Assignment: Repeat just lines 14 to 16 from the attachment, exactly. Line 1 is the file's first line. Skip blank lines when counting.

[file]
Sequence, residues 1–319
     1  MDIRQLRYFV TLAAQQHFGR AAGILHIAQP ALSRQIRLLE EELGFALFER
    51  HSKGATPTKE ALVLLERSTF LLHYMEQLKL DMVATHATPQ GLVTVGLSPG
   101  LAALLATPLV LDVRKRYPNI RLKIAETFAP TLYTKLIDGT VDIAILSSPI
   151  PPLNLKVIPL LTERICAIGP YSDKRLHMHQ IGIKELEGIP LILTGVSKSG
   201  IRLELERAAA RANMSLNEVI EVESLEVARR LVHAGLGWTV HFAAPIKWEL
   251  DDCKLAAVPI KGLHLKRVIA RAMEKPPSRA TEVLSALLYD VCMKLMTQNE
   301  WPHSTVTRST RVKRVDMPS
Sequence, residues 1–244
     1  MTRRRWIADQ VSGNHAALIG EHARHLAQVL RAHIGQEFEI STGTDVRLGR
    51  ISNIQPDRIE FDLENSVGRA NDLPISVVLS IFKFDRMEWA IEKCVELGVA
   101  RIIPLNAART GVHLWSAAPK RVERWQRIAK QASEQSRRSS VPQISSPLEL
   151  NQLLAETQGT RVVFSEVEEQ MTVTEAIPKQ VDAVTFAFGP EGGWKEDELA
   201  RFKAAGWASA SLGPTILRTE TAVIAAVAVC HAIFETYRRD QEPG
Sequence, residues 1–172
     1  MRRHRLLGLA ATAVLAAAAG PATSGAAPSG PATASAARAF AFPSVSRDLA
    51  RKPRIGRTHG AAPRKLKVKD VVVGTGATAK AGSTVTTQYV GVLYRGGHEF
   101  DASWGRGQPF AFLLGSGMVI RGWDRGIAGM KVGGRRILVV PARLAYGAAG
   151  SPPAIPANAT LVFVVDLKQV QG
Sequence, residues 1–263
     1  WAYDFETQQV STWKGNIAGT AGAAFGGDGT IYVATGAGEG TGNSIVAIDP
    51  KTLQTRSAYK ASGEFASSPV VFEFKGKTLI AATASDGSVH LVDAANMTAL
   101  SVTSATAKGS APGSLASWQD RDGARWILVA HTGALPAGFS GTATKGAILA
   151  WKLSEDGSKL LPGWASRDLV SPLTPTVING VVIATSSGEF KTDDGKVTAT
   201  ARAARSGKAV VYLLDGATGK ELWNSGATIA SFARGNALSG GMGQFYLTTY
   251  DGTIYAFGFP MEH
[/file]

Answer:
   201  RFKAAGWASA SLGPTILRTE TAVIAAVAVC HAIFETYRRD QEPG
Sequence, residues 1–172
     1  MRRHRLLGLA ATAVLAAAAG PATSGAAPSG PATASAARAF AFPSVSRDLA